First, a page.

Passion vs. Pay

Hang on for a minute...we're trying to find some more stories you might like.


Email This Story






Passion versus Pay, This knockdown drag out struggle between following one’s dreams and chasing maximum compensation is at the heart of the conversations between parents and students; between students and admissions counselors—and it’s a decision each of us have to make. The choices, according to Payscale.com, the global leader in compensation data are often stark and seemingly easy:

If “Pay” is your answer, choose Petroleum Engineering, which tops the list of most-lucrative majors with a starting median salary of $97,900. If “Passion” is what drives you in pursuit of your dream job, than you better be very passionate about majoring in Child and Family Studies, where you would start at a humble $29,600.

Here at NYIT—which prides itself on being a professionally oriented school–students are taking chances and going with their gut in this debate. When asked if in choosing his major whether passion or pay was of more importance Communication Arts student (Starting median salary $38,200) Michael Pasquariello responded without hesitation: “Passion, absolutely” When confronted with the figure of starting median salary he wasn’t discouraged “Comm Arts is very broad…the national average is about right for a starting salary”.

 Remarks such as those were par for the course in interviews with what could be called the “more creative” majors at NYIT. There was bound to be a difference among those studying Physics (Starting at $49,800) or Engineering (Anywhere from $51,700 to $97,900) but even in those high “Pay” majors students maintained that “Passion” is certainly part of the formula. Glen Michael Guray a Computer and Electrical Engineering student (Starting at $61,800) was adamant in response to the question of “Passion vs. Pay.”

“This is what I really like to do,” Guray said, adding that he believed that among those in his major half of them felt the way he did.

In interview after interview students at NYIT made it clear that passion trumped pay in their book although the reluctance of some students to speak would lead one to believe that the “pay” group was embarrassed to admit their primary motivation.

 Mathematics chair Dr. Timothy Loughlin who works closely with both Engineering and Pre med students confirmed that suspicion saying “More students than not are here for compensation” a circumstance that he called “unfortunate”.  John Hyde, Dean of Career Services spoke extensively not about higher and lower starting wages but on the topic of students knowing and identifying what they want out of a major and having the wherewithal to go get it. When asked about starting salary he explained a student was just as likely to come to his offices looking to further their careers regardless of major and that “passion is the biggest thing” though he too believed it “tends to be about money”.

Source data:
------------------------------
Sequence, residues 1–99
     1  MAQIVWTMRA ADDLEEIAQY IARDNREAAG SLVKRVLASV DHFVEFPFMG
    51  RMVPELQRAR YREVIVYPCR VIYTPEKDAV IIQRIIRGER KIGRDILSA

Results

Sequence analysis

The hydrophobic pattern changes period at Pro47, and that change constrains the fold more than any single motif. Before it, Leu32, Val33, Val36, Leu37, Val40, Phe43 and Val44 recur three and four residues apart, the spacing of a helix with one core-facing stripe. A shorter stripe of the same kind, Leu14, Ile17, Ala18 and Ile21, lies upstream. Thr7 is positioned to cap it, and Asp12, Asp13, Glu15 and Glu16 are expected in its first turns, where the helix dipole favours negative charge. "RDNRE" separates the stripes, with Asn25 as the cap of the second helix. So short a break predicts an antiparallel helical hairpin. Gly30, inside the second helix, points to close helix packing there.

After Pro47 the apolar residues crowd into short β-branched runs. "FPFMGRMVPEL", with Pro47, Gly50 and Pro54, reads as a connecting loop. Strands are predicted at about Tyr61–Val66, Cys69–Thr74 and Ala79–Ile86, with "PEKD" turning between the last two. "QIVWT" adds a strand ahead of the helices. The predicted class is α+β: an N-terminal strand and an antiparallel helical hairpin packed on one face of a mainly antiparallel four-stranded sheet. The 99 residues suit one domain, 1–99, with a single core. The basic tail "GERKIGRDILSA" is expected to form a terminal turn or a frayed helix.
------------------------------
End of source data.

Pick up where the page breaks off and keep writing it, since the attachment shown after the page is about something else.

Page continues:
Experts have expressed their mixed feelings on choosing a major based on starting salary, employment expert and Quicken blog editor Farmoosh Torabi responded to the dominance of engineering majors atop the list saying “it’s a tech driven world, and demand [for engineers] is only going to grow” even in the face of the economic recession.  He explains that this fact has driven a trend of more college students picking “a major that pays”. Payscale.com (from which these salary figures were pulled) conducted a survey showing that salary figures average out for many fields between 10 and 15 years of work, Dr. Al Lee the director of quantitative analysis at PayScale said “the list reorders further into people’s careers…If you looked at the pay of people 15 years out, philosophy is actually in the top 10%” overall emphasizing the importance of landing a first job and building skills going forward.

Print Friendly, PDF & Email

Leave a Comment

If you want a picture to show with your comment, go get a gravatar.




Navigate Right
Navigate Left
  • Passion vs. Pay

    Features

    Study Shows College Students Lack Financial Literacy, Postponing Financial Independence After Graduation

  • Passion vs. Pay

    News

    Henry C. “Hank” Foley takes over as Fourth President of NYIT

  • Passion vs. Pay

    News

    2017 NYIT Honorary Degree Recipients

  • Passion vs. Pay

    Showcase

    Clyde Doughty and Jack Kaley inducted in ECC Hall of Fame

  • Passion vs. Pay

    Features

    Professor Kevin Horton releases his first children’s book: Cee Jay and Bugsy

  • Passion vs. Pay

    Features

    13 Reasons Why: The Show That Strikes the Core

  • Passion vs. Pay

    Showcase

    The March Madness Comes to a Conclusion

  • Passion vs. Pay

    News

    April: Autism Awareness Month

  • Passion vs. Pay

    Features

    Back to the Rulebooks

  • Passion vs. Pay

    News

    From Right Field to West Wing: Tom Joannou’s Journey to Washington D. C.

Passion vs. Pay